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Level 6

6AACGT07 Greek Texts VII (Poetry): Various Texts

Module convenor and assigned text change from year-to-year, please see below for annual information

Credit value: 15
Module convenor/tutor: Various, changes from year-to-year, see below
Teaching pattern: 10 x 2-hour seminars (weekly)
Availability: Please see module list
Assessment: 1 x 2-hour examination (100%) (For Study Abroad students attending for Semester 1 only, 1 x 2-hour test paper in December. Students should check the Study Abroad module catalogue for the relevant year for availability.)

Students are reassessed in the failed elements of assessment and by the same methods as the first attempt.
Prerequisites: A pass in 4AACGK03 Greek Language 3 or a level 5 Greek text module, 5AACGT01-GT04.

This is a Level 6 Greek text module, focusing on poetry. The text prescription will vary from time to time, and will be announced before module choices have to be made for the next academic session. Specimen prescriptions, from previous years, can be found below. The examination will test knowledge of the context, content and themes of the set text(s), as well as translation ability.

For the specific text assigned for a particular year, please see below:

 

2018-19 Theocritus (selections)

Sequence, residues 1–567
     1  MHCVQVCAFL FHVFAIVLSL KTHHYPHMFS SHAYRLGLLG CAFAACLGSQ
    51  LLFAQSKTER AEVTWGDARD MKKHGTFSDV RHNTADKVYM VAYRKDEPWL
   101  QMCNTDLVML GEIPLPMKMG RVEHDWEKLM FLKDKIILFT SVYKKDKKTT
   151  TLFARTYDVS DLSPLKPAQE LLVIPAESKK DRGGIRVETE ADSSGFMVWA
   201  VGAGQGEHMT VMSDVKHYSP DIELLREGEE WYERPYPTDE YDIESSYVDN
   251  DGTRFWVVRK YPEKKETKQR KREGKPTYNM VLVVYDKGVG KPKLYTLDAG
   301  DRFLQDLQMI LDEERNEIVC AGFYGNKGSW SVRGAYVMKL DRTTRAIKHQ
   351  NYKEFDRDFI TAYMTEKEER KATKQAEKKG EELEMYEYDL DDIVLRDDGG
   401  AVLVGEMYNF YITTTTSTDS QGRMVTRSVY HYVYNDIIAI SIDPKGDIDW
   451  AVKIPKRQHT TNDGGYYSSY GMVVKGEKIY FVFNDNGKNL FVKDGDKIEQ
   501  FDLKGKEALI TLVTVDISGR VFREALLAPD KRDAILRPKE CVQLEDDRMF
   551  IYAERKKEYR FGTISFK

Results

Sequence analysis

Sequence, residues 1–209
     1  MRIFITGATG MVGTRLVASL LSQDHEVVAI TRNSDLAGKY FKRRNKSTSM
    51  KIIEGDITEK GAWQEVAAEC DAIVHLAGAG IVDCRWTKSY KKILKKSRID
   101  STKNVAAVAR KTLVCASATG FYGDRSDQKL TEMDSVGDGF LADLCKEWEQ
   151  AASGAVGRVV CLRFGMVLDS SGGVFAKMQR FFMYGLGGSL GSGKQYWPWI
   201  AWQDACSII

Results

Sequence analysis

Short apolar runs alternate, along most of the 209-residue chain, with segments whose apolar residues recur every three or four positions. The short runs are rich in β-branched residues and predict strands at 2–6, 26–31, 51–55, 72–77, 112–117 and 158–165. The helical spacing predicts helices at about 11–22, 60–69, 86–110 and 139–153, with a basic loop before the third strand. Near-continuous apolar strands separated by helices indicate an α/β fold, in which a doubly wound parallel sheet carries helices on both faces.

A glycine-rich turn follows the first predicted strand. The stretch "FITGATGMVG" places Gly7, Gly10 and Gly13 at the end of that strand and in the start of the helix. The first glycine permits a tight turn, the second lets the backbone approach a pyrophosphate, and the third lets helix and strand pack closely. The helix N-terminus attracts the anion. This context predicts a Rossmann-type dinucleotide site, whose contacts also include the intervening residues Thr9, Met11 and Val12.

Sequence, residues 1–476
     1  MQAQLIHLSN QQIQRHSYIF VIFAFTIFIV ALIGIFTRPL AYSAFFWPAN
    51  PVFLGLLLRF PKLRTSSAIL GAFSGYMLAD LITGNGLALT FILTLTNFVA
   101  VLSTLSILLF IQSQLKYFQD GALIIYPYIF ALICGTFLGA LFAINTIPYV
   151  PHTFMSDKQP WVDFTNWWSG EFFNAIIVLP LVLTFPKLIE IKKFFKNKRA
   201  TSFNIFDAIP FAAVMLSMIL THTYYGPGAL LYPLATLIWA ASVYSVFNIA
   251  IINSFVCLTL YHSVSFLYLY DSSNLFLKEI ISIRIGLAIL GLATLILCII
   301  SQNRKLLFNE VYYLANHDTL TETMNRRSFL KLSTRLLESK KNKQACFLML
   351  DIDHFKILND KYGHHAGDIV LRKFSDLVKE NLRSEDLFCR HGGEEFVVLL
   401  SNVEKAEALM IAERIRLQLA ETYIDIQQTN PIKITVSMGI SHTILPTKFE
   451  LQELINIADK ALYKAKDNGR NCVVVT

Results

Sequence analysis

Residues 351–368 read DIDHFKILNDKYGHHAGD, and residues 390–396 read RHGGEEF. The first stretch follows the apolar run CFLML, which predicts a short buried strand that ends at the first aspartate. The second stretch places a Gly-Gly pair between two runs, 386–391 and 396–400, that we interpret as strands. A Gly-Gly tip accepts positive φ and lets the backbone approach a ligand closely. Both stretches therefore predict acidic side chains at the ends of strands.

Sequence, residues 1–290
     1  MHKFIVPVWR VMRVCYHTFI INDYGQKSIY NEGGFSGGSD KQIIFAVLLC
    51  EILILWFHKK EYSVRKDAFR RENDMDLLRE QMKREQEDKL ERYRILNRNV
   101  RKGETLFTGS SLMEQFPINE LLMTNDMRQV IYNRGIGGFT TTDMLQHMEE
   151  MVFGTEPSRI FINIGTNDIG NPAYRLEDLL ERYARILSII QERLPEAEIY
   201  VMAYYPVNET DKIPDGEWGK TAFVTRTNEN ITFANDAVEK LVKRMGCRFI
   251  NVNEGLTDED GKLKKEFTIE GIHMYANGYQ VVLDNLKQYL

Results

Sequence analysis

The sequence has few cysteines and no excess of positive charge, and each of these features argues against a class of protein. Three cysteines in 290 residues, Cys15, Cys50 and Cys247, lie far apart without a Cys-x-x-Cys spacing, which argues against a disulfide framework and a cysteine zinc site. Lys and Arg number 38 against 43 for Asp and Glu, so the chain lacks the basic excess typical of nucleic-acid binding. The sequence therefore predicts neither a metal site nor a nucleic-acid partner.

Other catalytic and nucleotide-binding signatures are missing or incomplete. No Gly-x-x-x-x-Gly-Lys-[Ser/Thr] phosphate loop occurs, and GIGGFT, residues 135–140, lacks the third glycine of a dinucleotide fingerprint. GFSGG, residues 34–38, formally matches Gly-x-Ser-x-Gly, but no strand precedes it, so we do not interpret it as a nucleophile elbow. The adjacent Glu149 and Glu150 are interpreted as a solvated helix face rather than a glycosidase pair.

Module convenor/tutor: Professor Gonda Van Steen

Theocritus of Syracuse, alongside his near contemporaries Callimachus and Apollonius of Rhodes, belongs to a generation of poets, active in the first half of the 3rd c BCE, who left their mark on the renovation of the Greek poetic tradition during the Hellenistic period. Like Callimachus and Apollonius, Theocritus became associated for part of his career with the cosmopolitan world of Alexandria and the Ptolemaic court and his poetry bears the hallmarks of the Hellenistic taste for innovation, experimentation with genre and literary form, learned depth, and an intent focus on characters, scenes, and subject matter hitherto deemed marginal. His Idylls are a varied corpus including short hexameter poems on shepherds engaged in song competition, urban scenes with female characters, mythical narratives in a humorous or sombre mood, as well as miniature epic.

In this module we will place Theocritus in his Hellenistic context, explore aspects of Theocritus’ experimentation with genre, analyse the aesthetics and politics of multi-layered sophistication in Hellenistic poetry, appreciate the nature of Theocritus’ self-conscious poetic agenda within its cultural moment, and trace the influence of Ptolemaic ideology and the Egyptian context on the Idylls.

 The prescription for this class includes: Idylls 1, 2, 7, 10, 11, 13, 15, 17.

Core Reading

You will need to acquire your own copy of:

  • R. Hunter (1999) Theocritus: A Selection: Idylls 1, 3, 4, 6, 7, 10, 11, and 13. Cambridge

Suggested introductory reading:

It will be useful for you to orientate yourself around this period of Greek literature and Theocritus’ literary and cultural context. The following books are available in the library and purchase of these titles is not mandatory.

  • T. Whitmarsh (2004) Ancient Greek Literature. Cambridge: esp. ch 8 ‘Building the Archive: Hellenistic Alexandria’.
  • K. Gutzwiller (2007) A Guide to Hellenistic Literature. Malden, Mass. & Oxford

2016-17, Odyssey 11 and 24.1-204

Module convenor/tutor: Dr Shaul Tor